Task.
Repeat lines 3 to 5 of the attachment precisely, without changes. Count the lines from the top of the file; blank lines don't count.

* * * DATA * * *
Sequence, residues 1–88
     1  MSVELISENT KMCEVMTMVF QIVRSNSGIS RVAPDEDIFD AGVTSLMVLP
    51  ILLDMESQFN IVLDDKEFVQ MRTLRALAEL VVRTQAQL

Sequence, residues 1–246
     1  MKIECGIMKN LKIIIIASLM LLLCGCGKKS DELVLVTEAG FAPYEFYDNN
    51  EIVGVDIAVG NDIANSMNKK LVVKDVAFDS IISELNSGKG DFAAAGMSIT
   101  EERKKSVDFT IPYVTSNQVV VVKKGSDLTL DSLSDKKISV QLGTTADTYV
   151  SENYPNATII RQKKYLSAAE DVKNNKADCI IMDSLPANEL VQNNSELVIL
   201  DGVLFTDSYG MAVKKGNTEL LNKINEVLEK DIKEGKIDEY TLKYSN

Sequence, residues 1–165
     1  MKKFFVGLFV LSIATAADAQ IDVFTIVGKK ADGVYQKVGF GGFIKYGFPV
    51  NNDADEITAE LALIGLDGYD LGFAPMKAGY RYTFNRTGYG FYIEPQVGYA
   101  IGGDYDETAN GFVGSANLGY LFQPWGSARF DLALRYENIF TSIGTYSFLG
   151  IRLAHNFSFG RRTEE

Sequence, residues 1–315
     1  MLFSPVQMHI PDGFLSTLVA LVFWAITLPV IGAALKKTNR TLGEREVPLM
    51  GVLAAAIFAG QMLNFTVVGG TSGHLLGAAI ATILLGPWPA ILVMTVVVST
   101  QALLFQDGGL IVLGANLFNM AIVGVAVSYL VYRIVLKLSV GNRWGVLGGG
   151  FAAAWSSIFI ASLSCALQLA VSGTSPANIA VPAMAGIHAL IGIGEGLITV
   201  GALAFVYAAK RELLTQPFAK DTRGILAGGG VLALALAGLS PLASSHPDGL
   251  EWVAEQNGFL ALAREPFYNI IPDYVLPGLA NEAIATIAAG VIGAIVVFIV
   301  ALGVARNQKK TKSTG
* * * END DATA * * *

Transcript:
    51  ILLDMESQFN IVLDDKEFVQ MRTLRALAEL VVRTQAQL

Sequence, residues 1–246
     1  MKIECGIMKN LKIIIIASLM LLLCGCGKKS DELVLVTEAG FAPYEFYDNN